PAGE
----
Is the presumed proliferation of market bubbles just speculative froth among amateur traders or is concentrated institutional money blowing big soapy spheres that interconnect and may inevitably burst each other?
The two factors are certainly at play as savings balloon amid massive government and central bank support for confined populations during the pandemic.
Over-caffeinated day traders with whizzy new stock market apps and punting from bedrooms during lockdown get most blame for some of blinding single stock surges of the past six months.
The parabolic price surges include seemingly unrelated booms in anything from carmaker Tesla to cryptocurrency Bitcoin, Big Tech ‘disrupters’ or barely profitable internet startups.
Few doubt the combination of pandemic confinement, job furloughs, windfall savings and low-cost trading platforms all speak loudly to the phenomenon.
But the buzz around some active themed funds in the mushrooming Exchange Traded Fund space is just as eye-catching and perhaps raises bigger questions about concentrated risk.
A ballooning of the ETF world since the last great crash is the first obvious point – as they were only bit players in the Great Financial Crisis of 2008. The number of ETFs captured by fund tracker Lipper has risen almost five-fold since 2009 to some 5,582 worldwide last year – with combined assets of almost $6 trillion compared with less than $900 billion 11 years ago.
Refinitiv data shows the combined ETF and wider Exchange Traded Products category topped $7 trillion last year – about 8% of total world equity market capitalisation.
And to the extent that ETFs have traditionally been passive index trackers, growth of the sector over those years has appeared pretty benign. Their attraction stems largely from their pitch as low-cost vehicles channelling savings and 401(k) pension money into broadly diversified portfolios and which only disrupt the pricier end of the active management business.
What’s more, long-standing fears of potential accidents with daily exchange sourcing and pricing of underlying assets and adequate cash balances during market stress have proven mostly unfounded to date during market wobbles of the past decade.
But as the years rolled on and virtually every index on the planet was shadowed by multiple ETFs, questions about new trading strategies and ideas were increasingly met with the response: “There’s an ETF for that”.
Far from simple and passive index trackers, a blizzard of themed and leveraged ETFs has emerged – charging higher fees for targeted outperformance or demanded by professional investors for hedging purposes.
A report by Citi this week shows thematic ETFs came into their own last year, with a $57 billion surge in flows bringing total assets to some $140 billion, and it reckoned this growth was “still in its early stages”.
And perhaps unsurprisingly, given the tech boom and ongoing lockdowns, it shows “disruptive innovators” and “clean energy” funds have driven the trend and that’s where the concentration of new inflows and assets lie.
For some analysts, the swelling of these types of funds goes a way to explaining recent outsize and sometimes correlated market moves hitting the headlines – and could cause serious headaches if just one part of them were to go into reverse.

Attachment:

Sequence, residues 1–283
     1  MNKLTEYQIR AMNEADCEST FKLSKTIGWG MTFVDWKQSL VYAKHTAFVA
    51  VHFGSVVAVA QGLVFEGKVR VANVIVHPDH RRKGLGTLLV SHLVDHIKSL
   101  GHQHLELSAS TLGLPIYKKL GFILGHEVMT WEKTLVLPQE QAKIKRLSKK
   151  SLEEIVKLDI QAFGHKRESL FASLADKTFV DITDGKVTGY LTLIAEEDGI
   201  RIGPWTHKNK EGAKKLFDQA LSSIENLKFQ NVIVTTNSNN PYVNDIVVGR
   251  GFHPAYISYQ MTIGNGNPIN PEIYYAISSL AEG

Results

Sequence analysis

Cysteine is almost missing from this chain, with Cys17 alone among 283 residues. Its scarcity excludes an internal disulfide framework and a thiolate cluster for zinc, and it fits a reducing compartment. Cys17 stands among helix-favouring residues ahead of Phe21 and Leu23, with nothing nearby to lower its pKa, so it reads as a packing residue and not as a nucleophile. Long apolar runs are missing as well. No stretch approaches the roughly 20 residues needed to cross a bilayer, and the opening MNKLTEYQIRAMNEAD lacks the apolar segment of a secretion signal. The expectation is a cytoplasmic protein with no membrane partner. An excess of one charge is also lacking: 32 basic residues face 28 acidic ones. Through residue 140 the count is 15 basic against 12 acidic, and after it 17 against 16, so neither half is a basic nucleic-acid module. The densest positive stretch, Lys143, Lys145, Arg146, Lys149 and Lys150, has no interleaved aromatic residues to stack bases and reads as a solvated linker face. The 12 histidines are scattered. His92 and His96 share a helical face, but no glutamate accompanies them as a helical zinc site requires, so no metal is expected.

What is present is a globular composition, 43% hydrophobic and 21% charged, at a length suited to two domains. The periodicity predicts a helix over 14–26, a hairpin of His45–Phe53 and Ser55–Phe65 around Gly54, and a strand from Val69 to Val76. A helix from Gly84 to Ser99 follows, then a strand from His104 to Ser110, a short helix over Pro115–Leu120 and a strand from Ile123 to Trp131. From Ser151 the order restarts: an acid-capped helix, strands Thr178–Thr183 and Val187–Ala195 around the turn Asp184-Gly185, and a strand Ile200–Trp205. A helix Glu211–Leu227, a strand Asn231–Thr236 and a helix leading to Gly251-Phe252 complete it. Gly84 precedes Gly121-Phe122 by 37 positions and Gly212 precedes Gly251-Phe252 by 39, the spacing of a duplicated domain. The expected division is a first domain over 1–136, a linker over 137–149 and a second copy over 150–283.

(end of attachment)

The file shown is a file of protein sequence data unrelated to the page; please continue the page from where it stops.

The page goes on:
TWO BY TWO
For example, four of the 10 best performing non-leveraged ETFs over the past year were themed funds managed by ARK Invest – with its flagship Ark Innovation and Ark Next Generation Internet generating year-on-year returns of between 750-850%. Assets under management have hit more than $24 billion and $6 billion respectively, compared with less that $2 billion and $500 million each just a year ago.
What’s in those funds is more interesting. Unlike many wider index trackers, they are concentrated in little over 50 stocks, with Tesla making up about 10% in each and the Next Generation Internet ETF also including crypto investor Grayscale Bitcoin Trust as its fifth largest holding alongside the likes of TV streaming firm Roku and online health firm Teladoc.
Citing a recent analysis in Barron’s magazine examining difficulties for open-ended ETFs like ARK’s hitting capacity limits in relatively illiquid stocks due to enormous inflows, Saxo Bank strategist Peter Garnry warned of spillovers in any sharp reversals in its holdings.
“We are basically putting out the warning this interconnectedness of positions could drive each other and become the epicenter of the next correction in growth equities,” he wrote. “Our thinking is that a sell-off in Bitcoin can cause risk adverse behaviour among investors with Tesla-Bitcoin-Ark positions and suddenly a vicious sell-off has started”.
Whether themed ETFs are prone to bunching relatively small stocks that have seen sharp price rises and these then attract waves of inflows looking to ape past performance that merely blow bubbles in the process is a question.
Citi notes this problem. “We are cognizant of a ‘which comes first’ dilemma, the theme or the underlying stock price action?”
And on that, recent studies aren’t kind.
An academic paper by Itzhak Ben-David, Francesco Franzoni, Byungwook Kim and Rabih Moussawi published by the National Bureau of Economic Research this week studied ETFs over the 20 years before the pandemic and concluded that what they call ‘specialized’ ETFs performed poorly.
“These ETFs tend to hold attention-grabbing and overvalued stocks and therefore underperform significantly. They deliver a negative alpha of about −4% a year,” it said, adding that under-performance persists for at least five years following launch – usually the peak of excitement around the investment theme.
Perhaps it’s different since the pandemic.
by Mike Dolan, Twitter: @reutersMikeD; Editing by Steve Orlofsky